A New HIV Vaccine Trial Aims To Stop The Virus That Has “Devastated” South Africa
More than 5,000 sexually active men and women are expected to participate in South Africa’s first HIV vaccine clinical trial in seven years. The study to be launched Wednesday (Nov. 30) will include patients between the age of 18-35.
“If deployed alongside our current armory of proven HIV prevention tools, a safe and effective vaccine could be the final nail in the coffin for HIV,” Anthony Fauci, director of the National Institute of Allergy and Infectious Disease (NIAID) said according to the New York Times.
“Even a moderately effective vaccine would significantly decrease the burden of HIV disease over time in countries and populations with high rates of HIV infection, such as South Africa.”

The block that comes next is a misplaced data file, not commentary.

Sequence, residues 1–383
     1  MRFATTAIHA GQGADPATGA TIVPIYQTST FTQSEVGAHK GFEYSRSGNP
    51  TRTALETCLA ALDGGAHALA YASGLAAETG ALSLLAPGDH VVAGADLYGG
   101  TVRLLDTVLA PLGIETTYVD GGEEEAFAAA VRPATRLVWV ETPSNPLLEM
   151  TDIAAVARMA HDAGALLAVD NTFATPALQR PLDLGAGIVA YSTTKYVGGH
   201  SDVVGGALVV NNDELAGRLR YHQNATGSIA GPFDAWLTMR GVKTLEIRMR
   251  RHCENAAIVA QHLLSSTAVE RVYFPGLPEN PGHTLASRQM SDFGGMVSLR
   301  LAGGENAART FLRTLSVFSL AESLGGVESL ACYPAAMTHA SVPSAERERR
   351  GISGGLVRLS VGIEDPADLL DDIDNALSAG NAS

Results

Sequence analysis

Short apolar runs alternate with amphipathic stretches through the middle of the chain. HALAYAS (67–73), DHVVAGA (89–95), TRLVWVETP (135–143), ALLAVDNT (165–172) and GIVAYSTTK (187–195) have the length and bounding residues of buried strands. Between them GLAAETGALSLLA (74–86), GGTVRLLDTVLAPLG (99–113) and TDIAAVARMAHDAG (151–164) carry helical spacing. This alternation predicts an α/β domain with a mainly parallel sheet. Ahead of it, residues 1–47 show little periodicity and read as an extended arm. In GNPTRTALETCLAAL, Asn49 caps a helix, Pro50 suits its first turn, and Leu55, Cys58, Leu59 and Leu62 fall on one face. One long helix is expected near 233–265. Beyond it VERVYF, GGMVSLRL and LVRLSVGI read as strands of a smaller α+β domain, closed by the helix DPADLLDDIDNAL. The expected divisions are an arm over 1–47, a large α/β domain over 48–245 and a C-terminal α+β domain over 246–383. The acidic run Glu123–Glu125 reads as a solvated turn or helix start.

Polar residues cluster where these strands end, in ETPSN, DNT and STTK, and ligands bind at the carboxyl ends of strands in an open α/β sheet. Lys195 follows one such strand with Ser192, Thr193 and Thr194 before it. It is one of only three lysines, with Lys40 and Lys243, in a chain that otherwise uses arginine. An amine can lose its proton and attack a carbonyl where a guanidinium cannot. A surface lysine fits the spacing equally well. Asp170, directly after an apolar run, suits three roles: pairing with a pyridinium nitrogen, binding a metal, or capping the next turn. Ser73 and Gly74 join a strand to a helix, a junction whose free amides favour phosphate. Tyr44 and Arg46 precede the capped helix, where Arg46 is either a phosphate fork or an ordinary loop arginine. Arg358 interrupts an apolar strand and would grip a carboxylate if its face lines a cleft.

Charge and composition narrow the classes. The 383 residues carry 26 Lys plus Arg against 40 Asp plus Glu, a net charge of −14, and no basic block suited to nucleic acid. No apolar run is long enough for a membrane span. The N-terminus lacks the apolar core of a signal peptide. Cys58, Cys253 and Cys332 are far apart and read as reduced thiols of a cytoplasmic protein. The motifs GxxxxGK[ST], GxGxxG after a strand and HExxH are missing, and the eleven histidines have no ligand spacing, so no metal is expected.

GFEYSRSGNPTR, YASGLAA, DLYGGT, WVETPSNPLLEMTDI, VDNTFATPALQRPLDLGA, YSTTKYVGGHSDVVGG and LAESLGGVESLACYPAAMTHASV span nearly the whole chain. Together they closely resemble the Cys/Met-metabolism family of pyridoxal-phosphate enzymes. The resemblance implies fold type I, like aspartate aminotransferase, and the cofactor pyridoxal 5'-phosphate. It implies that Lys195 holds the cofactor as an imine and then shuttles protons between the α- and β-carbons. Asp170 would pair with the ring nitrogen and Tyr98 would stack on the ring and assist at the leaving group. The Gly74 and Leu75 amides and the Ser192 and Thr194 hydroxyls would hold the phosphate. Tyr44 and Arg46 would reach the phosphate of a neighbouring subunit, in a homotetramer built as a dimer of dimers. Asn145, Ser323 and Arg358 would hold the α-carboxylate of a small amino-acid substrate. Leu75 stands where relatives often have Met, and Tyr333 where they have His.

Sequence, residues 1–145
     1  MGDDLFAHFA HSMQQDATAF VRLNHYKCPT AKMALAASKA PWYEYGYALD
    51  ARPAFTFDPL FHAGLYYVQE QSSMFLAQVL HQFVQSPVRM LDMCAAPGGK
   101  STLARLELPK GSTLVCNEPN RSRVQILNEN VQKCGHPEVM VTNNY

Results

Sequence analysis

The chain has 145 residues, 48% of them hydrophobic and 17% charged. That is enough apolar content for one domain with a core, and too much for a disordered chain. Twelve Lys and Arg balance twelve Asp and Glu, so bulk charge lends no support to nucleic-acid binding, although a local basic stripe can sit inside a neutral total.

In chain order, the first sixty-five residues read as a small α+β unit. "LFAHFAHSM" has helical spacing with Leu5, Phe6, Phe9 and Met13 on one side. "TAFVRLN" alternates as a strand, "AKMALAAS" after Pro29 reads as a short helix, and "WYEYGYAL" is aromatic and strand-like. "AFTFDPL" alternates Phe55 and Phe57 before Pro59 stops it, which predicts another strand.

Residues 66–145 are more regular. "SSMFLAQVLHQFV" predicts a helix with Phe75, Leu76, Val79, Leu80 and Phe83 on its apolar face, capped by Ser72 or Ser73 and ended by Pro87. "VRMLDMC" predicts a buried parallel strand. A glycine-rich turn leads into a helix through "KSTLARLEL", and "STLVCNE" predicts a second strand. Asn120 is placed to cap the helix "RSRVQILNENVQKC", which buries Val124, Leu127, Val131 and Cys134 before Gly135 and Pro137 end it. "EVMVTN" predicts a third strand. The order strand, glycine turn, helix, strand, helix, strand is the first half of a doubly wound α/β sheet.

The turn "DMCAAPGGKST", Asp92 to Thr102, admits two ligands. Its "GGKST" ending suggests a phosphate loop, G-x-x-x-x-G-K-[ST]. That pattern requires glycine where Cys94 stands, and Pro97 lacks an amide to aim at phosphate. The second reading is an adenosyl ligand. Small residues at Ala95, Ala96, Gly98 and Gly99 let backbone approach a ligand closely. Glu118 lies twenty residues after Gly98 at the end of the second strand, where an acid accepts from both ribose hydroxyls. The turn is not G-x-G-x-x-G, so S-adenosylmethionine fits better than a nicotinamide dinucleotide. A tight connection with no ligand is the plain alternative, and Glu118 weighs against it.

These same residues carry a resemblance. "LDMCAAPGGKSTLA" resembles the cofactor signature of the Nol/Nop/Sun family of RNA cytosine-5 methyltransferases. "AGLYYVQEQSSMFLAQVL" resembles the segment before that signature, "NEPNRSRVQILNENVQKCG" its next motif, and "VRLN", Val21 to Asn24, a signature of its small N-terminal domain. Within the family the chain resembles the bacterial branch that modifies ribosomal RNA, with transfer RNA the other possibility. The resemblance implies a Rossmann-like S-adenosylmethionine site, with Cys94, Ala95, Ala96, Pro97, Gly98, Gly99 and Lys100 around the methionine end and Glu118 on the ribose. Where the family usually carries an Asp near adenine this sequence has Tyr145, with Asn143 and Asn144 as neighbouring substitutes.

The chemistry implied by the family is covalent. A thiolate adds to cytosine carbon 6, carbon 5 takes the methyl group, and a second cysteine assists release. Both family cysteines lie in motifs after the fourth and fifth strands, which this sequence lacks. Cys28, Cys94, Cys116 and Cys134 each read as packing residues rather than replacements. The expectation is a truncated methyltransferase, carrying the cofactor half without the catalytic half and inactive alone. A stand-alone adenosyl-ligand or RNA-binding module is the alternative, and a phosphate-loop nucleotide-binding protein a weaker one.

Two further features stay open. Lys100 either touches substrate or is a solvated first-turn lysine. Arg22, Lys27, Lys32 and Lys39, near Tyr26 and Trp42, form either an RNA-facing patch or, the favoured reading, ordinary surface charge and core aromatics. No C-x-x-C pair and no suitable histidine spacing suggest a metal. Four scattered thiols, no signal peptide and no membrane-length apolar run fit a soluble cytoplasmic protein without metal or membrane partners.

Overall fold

HIV has taken a “devastating toll” on the country, said Dr Glenda Gray, chief executive of the South African Medical Research Council, an organization involved in the study.
“But now we begin a scientific exploration that could hold great promise for our country,” Gray added. “If an HIV vaccine were found to work in South Africa, it could dramatically alter the course of the pandemic.”
South Africa has an HIV infection rate of 1,000 people per day yet the new trial named, HVTN 702, doesn’t come without controversy.
The study consists of two vaccine’s ALVAC and AidsVax, the latter of which failed in a solo three-year trial in Thailand involving 16,400 men and women, reports the Guardian. Roughly 125 people became infected with the virus, 51 of which had taken the vaccine.
Despite having the largest global anti-viral treatment program, some 7 million South Africans were living with HIV in 2015, with more than 380,000 new infections that year, and 180,000 deaths from AIDS-related illnesses.